First, some ground rules. Position battles on contending teams carry more weight, so the list ahead consists exclusively of such battles. The rankings are unscientific but generally relate to the intrigue of the players and positions involved and the team overseeing it all.

Now then, let’s take it away…

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Ben Revere to Angels: Latest Contract Details, Comments, Reaction

The Los Angeles Angels have added free agent Ben Revere to their outfield mix for 2017.  

ESPN’s Buster Olney and the Los Angeles TimesMike DiGiovanna reported Revere’s agreement with the Angels. Olney wrote Revere’s deal is for one year and $4 million.

The Angels will be hoping Revere is due for a bounce-back season in 2017. The 28-year-old never got going last season with the Washington Nationals, suffering an oblique injury on Opening Day that kept him out until May 6. He wound up losing his starting spot to Trea Turner in the second half. 

Revere’s performance when he did play was lacking. He hit just .217/.260/.300 in 103 games with an OPS more than 100 points below his career mark (.662), per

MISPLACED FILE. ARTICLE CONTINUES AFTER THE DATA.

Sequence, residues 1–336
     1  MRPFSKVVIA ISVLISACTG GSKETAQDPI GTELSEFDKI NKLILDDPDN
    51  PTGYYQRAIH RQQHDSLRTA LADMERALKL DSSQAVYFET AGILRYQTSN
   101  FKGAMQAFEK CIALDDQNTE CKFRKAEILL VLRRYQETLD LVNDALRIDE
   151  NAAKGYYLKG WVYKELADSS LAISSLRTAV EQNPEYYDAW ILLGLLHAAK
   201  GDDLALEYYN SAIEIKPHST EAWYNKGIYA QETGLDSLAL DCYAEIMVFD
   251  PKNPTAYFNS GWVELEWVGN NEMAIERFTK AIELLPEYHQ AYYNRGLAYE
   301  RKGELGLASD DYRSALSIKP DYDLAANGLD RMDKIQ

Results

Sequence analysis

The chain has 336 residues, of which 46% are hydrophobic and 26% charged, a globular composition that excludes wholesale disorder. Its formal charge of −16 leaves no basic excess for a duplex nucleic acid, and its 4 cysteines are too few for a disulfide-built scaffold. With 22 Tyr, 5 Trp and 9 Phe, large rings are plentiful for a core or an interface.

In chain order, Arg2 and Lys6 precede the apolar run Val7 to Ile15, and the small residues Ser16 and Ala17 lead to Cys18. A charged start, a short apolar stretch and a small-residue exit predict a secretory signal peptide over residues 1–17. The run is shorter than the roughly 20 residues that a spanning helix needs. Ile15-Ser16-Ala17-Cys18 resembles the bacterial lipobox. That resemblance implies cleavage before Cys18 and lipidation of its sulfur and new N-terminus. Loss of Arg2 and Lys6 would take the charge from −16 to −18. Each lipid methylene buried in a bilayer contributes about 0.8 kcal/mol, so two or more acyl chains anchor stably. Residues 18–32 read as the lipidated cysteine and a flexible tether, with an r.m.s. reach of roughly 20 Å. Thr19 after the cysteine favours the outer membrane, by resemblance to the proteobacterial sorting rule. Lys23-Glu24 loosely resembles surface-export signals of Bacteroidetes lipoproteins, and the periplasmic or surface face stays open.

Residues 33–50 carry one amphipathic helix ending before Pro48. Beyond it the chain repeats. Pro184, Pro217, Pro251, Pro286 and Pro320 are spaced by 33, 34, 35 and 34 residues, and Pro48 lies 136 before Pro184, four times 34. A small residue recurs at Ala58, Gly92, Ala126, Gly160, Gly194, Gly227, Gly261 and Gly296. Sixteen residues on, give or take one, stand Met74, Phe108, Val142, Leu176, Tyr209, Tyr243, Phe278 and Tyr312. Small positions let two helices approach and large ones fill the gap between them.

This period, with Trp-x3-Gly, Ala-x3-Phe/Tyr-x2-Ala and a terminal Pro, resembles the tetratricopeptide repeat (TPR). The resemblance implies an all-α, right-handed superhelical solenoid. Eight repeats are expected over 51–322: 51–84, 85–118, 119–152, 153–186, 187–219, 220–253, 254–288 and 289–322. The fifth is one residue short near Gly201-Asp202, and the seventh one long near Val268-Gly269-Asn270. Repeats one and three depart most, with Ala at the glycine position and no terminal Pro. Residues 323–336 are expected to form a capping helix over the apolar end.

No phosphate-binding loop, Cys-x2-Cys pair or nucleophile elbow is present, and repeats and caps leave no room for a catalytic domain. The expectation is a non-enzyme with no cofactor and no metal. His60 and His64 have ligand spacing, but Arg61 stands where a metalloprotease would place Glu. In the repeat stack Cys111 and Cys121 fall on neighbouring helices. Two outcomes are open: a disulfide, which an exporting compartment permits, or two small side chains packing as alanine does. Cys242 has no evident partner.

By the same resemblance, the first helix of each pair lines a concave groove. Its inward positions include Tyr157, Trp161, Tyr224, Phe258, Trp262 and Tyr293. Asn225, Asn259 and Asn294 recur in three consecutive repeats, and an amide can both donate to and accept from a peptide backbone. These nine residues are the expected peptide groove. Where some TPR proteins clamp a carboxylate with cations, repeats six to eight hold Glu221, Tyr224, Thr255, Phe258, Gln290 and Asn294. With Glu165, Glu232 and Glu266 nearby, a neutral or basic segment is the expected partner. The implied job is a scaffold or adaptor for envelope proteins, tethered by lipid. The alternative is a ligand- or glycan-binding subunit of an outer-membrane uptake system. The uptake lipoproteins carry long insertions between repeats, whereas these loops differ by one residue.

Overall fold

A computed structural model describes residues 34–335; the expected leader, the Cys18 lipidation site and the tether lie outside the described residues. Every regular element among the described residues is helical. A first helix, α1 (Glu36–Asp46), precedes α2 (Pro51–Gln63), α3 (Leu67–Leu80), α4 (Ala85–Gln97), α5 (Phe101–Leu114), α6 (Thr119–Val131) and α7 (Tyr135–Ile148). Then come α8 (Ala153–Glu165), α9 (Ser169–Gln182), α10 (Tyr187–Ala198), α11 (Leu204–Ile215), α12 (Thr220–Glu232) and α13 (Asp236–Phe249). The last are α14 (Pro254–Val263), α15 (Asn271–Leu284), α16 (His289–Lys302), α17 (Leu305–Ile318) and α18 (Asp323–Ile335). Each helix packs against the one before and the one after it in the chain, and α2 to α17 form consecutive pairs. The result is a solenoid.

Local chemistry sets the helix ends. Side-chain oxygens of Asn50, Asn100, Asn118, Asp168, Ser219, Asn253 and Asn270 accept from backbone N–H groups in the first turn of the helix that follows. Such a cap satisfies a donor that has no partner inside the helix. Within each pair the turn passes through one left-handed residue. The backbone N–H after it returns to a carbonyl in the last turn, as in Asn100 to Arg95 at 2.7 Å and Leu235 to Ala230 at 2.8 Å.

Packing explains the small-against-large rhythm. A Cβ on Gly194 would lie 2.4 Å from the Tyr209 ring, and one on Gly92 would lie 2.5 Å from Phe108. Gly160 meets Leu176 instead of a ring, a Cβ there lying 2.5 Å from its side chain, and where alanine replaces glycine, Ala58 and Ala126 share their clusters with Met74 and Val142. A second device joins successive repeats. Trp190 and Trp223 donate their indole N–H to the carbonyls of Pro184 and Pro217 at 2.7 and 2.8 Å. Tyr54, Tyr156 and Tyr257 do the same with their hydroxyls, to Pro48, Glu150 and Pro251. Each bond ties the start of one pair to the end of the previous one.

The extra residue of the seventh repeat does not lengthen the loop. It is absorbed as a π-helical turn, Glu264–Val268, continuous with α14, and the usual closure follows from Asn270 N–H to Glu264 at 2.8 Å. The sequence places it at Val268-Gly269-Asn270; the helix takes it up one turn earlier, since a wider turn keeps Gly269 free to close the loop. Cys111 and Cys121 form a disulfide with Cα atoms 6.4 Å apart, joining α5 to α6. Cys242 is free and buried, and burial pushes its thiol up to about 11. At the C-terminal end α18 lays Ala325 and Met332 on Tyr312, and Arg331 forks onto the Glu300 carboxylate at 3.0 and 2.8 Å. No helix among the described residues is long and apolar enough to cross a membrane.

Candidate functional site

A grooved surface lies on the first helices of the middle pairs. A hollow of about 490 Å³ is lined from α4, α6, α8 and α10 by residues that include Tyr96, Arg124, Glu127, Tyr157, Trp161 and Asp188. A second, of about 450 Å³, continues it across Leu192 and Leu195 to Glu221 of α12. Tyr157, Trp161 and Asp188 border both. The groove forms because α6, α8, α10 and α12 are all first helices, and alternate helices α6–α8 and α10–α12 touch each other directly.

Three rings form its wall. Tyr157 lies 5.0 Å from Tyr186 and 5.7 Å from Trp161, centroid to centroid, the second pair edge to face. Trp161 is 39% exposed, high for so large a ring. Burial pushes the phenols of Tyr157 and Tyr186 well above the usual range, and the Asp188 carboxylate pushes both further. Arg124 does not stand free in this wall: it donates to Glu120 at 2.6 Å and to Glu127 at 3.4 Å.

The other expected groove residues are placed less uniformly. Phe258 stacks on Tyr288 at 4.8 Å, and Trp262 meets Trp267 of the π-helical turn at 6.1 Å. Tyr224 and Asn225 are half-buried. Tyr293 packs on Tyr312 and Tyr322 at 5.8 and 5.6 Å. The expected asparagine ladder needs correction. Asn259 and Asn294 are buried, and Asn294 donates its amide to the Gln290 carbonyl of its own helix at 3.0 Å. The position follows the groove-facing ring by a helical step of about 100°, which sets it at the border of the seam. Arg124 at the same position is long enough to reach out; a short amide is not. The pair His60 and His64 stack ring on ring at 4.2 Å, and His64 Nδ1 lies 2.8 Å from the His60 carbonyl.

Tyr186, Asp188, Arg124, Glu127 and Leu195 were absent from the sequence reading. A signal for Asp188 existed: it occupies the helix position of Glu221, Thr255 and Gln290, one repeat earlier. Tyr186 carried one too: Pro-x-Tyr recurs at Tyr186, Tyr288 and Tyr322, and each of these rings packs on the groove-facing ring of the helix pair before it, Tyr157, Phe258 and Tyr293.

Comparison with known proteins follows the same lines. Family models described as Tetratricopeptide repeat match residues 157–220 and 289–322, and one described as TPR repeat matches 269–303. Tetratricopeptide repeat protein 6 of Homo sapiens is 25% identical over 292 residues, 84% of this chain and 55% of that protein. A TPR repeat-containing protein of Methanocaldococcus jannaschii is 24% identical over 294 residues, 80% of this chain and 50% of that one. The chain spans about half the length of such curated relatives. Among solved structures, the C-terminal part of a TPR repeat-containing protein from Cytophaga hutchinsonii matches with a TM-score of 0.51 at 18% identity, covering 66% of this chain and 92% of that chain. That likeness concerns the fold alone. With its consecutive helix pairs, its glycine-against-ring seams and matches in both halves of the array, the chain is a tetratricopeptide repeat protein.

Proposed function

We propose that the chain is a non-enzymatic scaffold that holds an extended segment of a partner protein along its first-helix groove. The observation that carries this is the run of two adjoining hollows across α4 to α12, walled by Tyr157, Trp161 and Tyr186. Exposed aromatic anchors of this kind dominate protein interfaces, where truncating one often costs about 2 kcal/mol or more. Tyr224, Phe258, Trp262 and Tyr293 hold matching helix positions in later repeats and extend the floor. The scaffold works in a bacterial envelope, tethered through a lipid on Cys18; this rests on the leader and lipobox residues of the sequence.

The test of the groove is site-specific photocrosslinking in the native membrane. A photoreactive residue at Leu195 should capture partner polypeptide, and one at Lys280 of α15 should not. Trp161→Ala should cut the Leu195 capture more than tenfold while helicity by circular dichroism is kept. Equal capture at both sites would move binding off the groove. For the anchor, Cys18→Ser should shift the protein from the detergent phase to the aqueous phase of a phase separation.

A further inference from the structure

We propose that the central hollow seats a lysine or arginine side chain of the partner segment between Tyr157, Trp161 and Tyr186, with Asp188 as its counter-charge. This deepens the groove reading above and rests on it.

Despite his own numbers, Revere never caused problems for the Nationals. He told Jorge Castillo of the Washington Post in August that winning was all he focused on:

I don’t want to be the teammate pouting and everything. I want to do everything I can to be a good teammate, help him out in the outfield and feeling good at the plate. The main thing now for me to do is just anything I can to help this team win a championship. Get to the playoffs, win a championship. There will be some times when they may need me. If that case comes, I got to be ready.

The poor offensive numbers caused Revere’s stock to plummet heading into free agency, though there are reasons to believe he can be successful for the Angels in 2017. 

Age isn’t a problem for Revere, who is among the youngest free agents this offseason with other outfielders like Yoenis Cespedes and Dexter Fowler over the age of 30. He is just one year removed from posting a .306/.342/.377 slash line in 152 games for the Philadelphia Phillies and Toronto Blue Jays

Revere does have to prove his injury woes are a thing of the past. He’s only reached the 150-game mark twice in six full MLB seasons. 

The Angels can plug Revere into a corner spot with Mike Trout entrenched in center, as he has played all three positions in his career. His ability to get on base and set the table for run producers like Trout, C.J. Cron and Kole Calhoun in the middle of the lineup gives Los Angeles’ lineup more depth. 

There are plenty of questions for Revere to answer on this contract, but a successful season for the Angels would give him a chance to rebuild his value and hit free agency next winter at the age of 29. It’s a smart short-term investment for both the player and team.